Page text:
Bad breaks costly for Brewers in narrow loss

With just 10 games remaining, the Brewers can ill afford too many more losses like Wednesday night's.

Jeff Curry/Jeff Curry-USA TODAY Sports

With Adam Wainwright and Mike Fiers locked in a pitcher’s duel, whichever team blinked first Wednesday night was likely going to fall victim to a tough defeat.

Unfortunately for the Milwaukee Brewers, the critical mistake — or maybe it was just a bad break – was made by them.

Carlos Gomez had the Busch Stadium turf give out from under him while trying to field a single from Matt Adams in the seventh inning. Ruled an error, the misplay allowed Matt Holliday to score from first base and Adams to reach scoring position.

That was all Wainwright would need, as the right-hander tossed a seven-hit shutout in the Cardinals’ 2-0 victory over the Brewers.

The loss dropped Milwaukee to 2 1/2 games back of red-hot Pittsburgh for the second wild card, as the Pirates won for the eighth time in 10 games Wednesday. With just 10 games remaining, the Brewers can ill afford too many more losses.

"I just slipped," Gomez said. "Before I could even catch the ball, I was on the ground. Tough game. Tough loss. Fiers threw unbelievable today. Just one error right there, and it changed the game. There’s nothing we can do. If I catch the ball, it’s men on third and first, and that (Peralta) ground ball, maybe we have the infield in.

"But there’s nothing I can do. Probably if I don’t slip, I catch the ball fine. It’s not like I dropped the ball. Before I get there, I’m on the ground."

Fiers quickly erased any concern as to if he would bounce back from hitting Marlins right fielder Giancarlo Stanton in the face, as he was sharp from the start Wednesday night.

Brewers manager Ron Roenicke admitted to not knowing how Fiers would fare in his first start since the incident, but he saw right away that it would be a non-issue.

"It was nice to see him come out and be aggressive," Roenicke said. "He kept the ball away mostly at the beginning, and then he started pitching like he usually does."

Roenicke said the game plan was to pitch away from the Cardinals hitters early on to feel out where Fiers was. Once it was clear the right-hander was fine, the plan changed.

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"It was no different than any other start," Fiers said. "You’ve got to put the past behind you and that’s what I was trying to do – just go out there and pitch like I normally do.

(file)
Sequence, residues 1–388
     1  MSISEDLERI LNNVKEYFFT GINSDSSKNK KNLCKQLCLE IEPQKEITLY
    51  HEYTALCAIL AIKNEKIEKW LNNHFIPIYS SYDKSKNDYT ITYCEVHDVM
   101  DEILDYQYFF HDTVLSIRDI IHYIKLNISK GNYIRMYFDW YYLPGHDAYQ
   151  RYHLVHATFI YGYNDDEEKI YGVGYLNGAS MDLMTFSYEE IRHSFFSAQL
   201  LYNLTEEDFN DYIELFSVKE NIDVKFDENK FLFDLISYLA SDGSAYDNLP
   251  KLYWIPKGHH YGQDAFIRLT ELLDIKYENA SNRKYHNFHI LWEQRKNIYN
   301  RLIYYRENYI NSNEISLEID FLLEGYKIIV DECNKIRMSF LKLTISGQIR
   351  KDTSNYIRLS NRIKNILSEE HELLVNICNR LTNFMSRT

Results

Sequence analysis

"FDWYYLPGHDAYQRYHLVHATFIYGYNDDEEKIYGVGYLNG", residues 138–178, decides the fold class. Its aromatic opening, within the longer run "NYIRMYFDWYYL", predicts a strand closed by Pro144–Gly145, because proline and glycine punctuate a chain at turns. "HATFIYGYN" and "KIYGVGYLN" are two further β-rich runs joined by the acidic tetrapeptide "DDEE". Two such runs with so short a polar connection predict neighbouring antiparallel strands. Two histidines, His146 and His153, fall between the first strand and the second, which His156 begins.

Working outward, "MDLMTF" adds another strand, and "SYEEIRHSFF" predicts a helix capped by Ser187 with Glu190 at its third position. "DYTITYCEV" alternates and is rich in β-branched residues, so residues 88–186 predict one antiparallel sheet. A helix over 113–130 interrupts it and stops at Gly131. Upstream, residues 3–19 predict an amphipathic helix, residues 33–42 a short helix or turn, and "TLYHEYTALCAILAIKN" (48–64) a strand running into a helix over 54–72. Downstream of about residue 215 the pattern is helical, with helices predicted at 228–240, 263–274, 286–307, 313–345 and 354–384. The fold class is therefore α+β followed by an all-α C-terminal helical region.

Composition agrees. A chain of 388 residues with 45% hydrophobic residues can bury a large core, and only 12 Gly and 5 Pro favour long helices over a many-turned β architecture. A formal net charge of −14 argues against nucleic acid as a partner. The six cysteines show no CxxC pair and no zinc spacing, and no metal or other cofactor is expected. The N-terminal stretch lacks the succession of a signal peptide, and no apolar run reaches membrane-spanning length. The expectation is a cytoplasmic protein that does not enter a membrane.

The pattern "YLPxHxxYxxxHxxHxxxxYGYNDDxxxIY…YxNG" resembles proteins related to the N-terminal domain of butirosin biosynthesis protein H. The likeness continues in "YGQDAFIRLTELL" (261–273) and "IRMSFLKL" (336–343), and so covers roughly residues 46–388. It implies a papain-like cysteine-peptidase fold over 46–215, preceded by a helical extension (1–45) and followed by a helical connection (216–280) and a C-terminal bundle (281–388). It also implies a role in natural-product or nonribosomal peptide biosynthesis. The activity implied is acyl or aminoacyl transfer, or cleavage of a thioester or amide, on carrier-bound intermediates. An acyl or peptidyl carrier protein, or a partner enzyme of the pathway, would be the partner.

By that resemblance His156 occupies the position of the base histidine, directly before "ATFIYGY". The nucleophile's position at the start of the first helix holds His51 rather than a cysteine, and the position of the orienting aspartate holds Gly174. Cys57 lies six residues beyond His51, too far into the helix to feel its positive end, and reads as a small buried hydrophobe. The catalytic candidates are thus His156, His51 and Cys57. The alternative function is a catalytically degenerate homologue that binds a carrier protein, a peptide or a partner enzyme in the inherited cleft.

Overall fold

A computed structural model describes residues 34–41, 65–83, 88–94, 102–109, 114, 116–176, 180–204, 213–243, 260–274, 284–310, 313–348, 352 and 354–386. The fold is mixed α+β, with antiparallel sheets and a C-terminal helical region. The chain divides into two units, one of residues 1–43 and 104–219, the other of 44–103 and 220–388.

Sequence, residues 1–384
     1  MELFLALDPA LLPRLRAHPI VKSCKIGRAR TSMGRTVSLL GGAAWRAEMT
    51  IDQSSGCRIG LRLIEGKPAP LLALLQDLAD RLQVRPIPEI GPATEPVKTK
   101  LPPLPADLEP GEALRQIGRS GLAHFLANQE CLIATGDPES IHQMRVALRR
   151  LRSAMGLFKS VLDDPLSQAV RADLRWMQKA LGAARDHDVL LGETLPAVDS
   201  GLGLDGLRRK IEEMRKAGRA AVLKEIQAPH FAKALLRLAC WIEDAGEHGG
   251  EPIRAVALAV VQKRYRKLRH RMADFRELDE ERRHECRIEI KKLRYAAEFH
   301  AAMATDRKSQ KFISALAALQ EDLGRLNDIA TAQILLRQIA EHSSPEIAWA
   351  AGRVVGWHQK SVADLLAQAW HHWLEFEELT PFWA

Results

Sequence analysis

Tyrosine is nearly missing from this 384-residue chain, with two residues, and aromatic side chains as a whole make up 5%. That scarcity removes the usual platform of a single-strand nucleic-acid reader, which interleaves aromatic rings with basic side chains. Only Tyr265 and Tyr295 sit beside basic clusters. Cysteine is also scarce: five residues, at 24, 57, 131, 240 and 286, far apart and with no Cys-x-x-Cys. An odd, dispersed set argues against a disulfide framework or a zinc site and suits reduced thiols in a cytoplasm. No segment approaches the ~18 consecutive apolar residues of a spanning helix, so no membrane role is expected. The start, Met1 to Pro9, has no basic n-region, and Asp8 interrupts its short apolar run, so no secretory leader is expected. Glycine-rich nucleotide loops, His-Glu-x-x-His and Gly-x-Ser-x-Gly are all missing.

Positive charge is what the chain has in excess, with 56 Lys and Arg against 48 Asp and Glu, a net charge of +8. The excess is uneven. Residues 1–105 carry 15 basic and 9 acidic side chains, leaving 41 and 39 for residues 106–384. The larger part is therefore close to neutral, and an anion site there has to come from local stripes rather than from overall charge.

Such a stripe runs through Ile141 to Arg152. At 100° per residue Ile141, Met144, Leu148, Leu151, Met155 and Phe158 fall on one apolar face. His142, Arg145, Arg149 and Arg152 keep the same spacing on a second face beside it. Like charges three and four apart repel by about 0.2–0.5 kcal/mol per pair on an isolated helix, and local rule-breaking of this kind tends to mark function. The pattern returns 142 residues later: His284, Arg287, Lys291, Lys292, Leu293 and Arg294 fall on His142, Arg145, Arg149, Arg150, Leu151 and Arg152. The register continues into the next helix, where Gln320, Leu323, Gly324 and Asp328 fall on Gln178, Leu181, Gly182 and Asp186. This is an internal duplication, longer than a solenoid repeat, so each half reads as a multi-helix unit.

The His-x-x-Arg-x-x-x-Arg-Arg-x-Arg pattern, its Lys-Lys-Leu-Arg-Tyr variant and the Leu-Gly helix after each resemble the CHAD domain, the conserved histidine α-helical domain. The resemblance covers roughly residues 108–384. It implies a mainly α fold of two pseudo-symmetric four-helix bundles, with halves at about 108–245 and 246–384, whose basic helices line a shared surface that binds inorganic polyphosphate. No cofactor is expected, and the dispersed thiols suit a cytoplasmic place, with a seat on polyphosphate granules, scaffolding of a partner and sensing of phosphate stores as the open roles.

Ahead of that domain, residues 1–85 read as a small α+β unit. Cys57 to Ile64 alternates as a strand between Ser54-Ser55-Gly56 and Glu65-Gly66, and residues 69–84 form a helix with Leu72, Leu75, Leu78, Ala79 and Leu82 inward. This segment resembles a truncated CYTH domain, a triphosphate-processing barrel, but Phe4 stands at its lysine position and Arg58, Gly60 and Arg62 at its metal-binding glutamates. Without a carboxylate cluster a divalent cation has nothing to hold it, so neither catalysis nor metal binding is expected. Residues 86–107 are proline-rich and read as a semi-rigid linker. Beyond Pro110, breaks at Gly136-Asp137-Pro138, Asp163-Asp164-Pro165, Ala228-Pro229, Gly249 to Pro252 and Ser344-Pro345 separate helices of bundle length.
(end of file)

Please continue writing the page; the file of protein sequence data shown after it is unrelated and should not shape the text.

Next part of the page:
"Obviously everyone knows what happened, but we’ve got games in front of us, important games, and this was an important one. I just wanted to give my team a chance to win, throw up as many zeros as I could, but baseball’s baseball and sometimes you get beat by a guy that threw better."

Fiers faced the minimum and took a no-hitter through 5 2/3 innings before Wainwright singled back up the middle with two outs in the sixth.

"Hey, he battled," Fiers said of Wainwright’s at-bat. "He doesn’t take at-bats off. Good swing, hit a 1-2 pitch and hit it up the middle. Can’t do anything about it."

The Brewers had a couple of chances early to break through against Wainwright, none better than when they loaded the bases with two outs in the fourth. Jean Segura proceeded to smoke a line drive, but it was snagged by center fielder Peter Bourjos for the final out.

"Right at him," Roenicke said. "You are not going to string together a lot of them, so when you have the chance, you need those balls to fall in for you."

Fiers issued a one-out walk to Holliday in the seventh, giving Adams a chance to get the Cardinals on the board. Adams beat the shift, placing a groundball just out of the reach of second baseman Scooter Gennett.

Holliday didn’t hesitate to go first to third on the hit, making it possible for him to try to score when Gomez fell. Gomez threw to Jean Segura, who almost nabbed Holliday at the plate.

A couple of inches over and Gennett likely starts an inning-ending double play, but instead the Brewers were trailing.

"(Gomez) gives 100 percent every time and he’s charging after that ball, wants to get it in as quick as possible and he slipped," Fiers said. "I mean, what are you going to do? It just happened. He’s not trying to slip. I’m sure he wasn’t too happy about it. But you’ve got to focus on the next pitch." Jhonny Peralta followed with a base hit to score Adams, giving Wainwright a 2-0 advantage.

Gennett led off the eighth with Milwaukee’s seventh hit of the game, but he was quickly erased when Jonathan Lucroy hit into a double play. Wainwright cruised through the ninth inning for his third shutout of the season and his seventh shutout since the beginning of 2012, the most in baseball during that time period.

Wainwright has gone the distance against the Brewers twice in the last 11 days, as he limited Milwaukee to just one run in a 9-1 victory at Miller Park on Sept. 7.

"He’s got great command," Roenicke said. "He knows we swing, and he can come out and throw a lot of strikes and hit the corners and get us to swing just off the plate.

"The guy, he’s one of the best. That’s what he’s supposed to do against a team that swings. With great command, he goes through the lineup with not very many pitches."

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